- When I moved to New York (subordinate clause ), I felt lonely at first (main clause) but then I met Michael and we became good friends (main clause).
- I’ve been always thinking (main clause) that Martins is a kind person (subordinate clause) but it turned out (main clause) that he is mean and greedy (subordinate clause).
Types of sentences according to the purpose of the statement
The purpose of the statement tells how and why we use sentences: we affirm or ask, we order or exclaim. According to this classification, proposals are divided into 4 types of sentence:
- Declarative sentences.
Declarative sentences state facts. With their help, we affirm or deny something. This is the most common type of offer discussed in the previous section.
Word order is standard here: Subject – Predicate – Object – Circumstance.
But at the same time, remember that the circumstance can change its position in the sentence depending on its type. And there is also another member of the sentence – the definition, which can be in any part of the sentence.
As the name implies, the sentence contains a negation. The analogue of the particle “not” in English is “not”. However, not all are so simple. The particle not cannot stand on its own. To add it to a sentence, you need the auxiliary verb do , which is irregular
- Catherine is a sous-chef in that restaurant.
- They want to repair the roof of their country cottage.
- I didn’t go to the gym yesterday.
- Steve doesn’t like cherry ice cream.
- Interrogative sentences.
We need interrogative sentences in order to ask and clarify information. They are general, special, alternative and divisive. In the article “Types of questions in English” we talked about each of them.
The peculiarity is that in all questions, except for the dividing one, the reverse word order is used: auxiliary / modal verb – subject – semantic verb. With special questions, a question word is also used (what?, when?, where?, etc.).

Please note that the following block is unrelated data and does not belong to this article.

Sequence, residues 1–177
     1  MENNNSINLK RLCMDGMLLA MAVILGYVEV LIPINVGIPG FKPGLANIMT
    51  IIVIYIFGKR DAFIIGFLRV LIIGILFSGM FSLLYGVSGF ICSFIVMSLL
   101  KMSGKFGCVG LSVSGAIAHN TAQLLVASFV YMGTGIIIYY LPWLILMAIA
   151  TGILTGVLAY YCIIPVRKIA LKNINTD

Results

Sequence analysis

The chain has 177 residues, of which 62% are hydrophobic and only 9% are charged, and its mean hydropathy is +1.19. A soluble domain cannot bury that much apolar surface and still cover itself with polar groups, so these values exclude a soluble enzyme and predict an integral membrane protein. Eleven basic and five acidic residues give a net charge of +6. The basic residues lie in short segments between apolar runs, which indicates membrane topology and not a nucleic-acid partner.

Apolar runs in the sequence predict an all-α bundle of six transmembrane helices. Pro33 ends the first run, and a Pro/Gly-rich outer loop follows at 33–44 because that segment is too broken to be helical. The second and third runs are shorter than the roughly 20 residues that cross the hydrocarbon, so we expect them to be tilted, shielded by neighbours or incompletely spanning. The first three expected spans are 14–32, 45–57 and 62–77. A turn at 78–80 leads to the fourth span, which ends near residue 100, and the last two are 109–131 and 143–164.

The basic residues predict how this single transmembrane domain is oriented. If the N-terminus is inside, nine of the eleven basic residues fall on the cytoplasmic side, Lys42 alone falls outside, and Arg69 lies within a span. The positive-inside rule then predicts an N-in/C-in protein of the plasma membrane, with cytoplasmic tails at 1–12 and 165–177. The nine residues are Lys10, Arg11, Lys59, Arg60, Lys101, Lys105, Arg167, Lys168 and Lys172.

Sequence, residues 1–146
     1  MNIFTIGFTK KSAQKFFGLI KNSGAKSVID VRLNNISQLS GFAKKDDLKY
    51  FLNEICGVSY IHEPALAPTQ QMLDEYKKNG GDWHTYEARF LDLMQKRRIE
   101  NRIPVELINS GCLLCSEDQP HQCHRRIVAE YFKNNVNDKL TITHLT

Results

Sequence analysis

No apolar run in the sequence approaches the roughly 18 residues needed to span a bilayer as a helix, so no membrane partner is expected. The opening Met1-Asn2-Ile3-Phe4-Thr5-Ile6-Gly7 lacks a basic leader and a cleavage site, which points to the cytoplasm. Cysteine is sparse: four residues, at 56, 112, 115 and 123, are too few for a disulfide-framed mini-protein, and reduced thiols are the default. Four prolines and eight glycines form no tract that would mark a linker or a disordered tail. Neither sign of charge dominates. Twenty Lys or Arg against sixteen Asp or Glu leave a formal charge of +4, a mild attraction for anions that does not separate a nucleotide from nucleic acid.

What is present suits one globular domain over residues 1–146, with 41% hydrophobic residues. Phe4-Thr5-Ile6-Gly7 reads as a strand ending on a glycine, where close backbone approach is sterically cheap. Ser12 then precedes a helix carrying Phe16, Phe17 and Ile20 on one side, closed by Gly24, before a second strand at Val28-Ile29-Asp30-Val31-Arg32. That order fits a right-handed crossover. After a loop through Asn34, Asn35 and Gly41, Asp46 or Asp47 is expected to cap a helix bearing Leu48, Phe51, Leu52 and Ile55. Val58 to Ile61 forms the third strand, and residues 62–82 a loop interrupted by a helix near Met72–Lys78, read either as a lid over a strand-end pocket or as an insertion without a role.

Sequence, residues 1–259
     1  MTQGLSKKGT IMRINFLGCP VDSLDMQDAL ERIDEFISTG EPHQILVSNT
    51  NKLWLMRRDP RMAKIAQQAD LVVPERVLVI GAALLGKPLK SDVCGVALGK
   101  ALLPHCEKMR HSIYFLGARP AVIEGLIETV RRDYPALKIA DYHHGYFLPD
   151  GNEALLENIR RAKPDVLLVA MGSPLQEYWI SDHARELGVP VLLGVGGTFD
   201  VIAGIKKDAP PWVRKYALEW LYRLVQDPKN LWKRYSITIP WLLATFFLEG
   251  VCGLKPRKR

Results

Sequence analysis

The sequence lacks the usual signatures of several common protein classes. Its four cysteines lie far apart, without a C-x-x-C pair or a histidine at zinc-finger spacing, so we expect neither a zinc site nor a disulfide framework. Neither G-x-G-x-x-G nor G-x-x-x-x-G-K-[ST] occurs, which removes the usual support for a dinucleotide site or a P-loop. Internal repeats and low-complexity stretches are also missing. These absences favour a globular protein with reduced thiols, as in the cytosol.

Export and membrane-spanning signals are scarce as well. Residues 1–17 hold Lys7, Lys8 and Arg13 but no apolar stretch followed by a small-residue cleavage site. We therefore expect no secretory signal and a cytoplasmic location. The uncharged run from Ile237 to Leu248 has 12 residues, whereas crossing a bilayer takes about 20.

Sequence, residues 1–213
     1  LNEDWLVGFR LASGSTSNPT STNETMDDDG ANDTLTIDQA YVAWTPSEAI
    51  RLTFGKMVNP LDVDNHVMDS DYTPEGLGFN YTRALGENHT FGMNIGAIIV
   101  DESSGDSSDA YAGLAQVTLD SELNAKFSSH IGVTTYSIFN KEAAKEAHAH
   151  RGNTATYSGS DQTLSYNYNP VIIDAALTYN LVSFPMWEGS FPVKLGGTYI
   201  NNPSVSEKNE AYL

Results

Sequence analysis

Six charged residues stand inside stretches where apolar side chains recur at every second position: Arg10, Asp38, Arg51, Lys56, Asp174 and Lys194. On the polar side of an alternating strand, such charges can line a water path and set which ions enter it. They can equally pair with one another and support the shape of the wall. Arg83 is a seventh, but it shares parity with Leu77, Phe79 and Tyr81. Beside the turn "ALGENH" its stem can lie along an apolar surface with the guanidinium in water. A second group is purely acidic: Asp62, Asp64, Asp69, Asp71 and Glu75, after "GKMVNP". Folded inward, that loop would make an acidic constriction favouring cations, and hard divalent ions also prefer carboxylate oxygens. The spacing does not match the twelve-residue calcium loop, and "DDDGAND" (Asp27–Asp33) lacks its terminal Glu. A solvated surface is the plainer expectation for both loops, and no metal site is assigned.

- Do you mind taking Larry with us? (general question)
- Where is he? (special question)
- Are you going to Australia or New Zealand? (alternative question)
- You worked yesterday, didn’t you? (separated question)
- Imperative sentences.
What type of sentence is used to give a command? This type of sentence is needed in order to order, ask or invite someone to do something. In imperative sentences, we often refer to the second person. We can also invite the interlocutor to do something together using the word let’s.
- Please shut the door.
- Just look at her!
- Don’t tell off your children in public! It’s so embarrassing.
- Let’s meet on Saturday.
- Exclamatory sentences.
Such sentences express emotions. On the letter they can always be recognized by the exclamation point at the end. In oral speech, exclamations are usually pronounced loudly and emotionally.
- That’s brilliant!
- I don’t want to take part in this competition!
- The weather is wonderful!
- Good job!
In general, any sentence can become an exclamation point by adding an exclamation mark at the end.
- The apples are sour. → The apples are sour!
How to build sentences correctly?
In English, speech consists of words that form sentences. Syntax studies the structure of a sentence, i.e., the rules for combining words and building sentences from these combinations. A combination of words that expresses a complete thought is called a sentence.
Each member of the sentence can be expressed in one word, phrase, group of words or sentence (subordinate clause).
The sentence distinguishes between main and secondary members of the sentence.
The main members of the proposal are:
The secondary members of the proposal are:
- addition (object)
- definition (attribute)
- circumstance (adverbial modifiers)
The English language is very formalized and structured, so the relationship between the members of a sentence is actually completely determined by the word order. Word order in English is the main means of distinguishing the members of a sentence, due to the almost complete absence of endings and cases.
The word order of an English declarative sentence is built in a strict sequence.
The main members of the sentence, subject and predicate, form the basis of a complete thought and are inextricably linked. The subject always comes before the verb. Additions come immediately after the predicate.
Usually the sentence includes adverbial words. In this case, the circumstances of the place are placed first, then the circumstances of the time. In some cases, the circumstance of time may precede the subject. If there is no adverb of time, then the adverb of place may be before the subject.
These simple schemes for constructing sentences will help you learn English and fill your speech with beautiful turns in the future. Familiarity with the types of sentences is also important in order to better understand and better translate literary texts.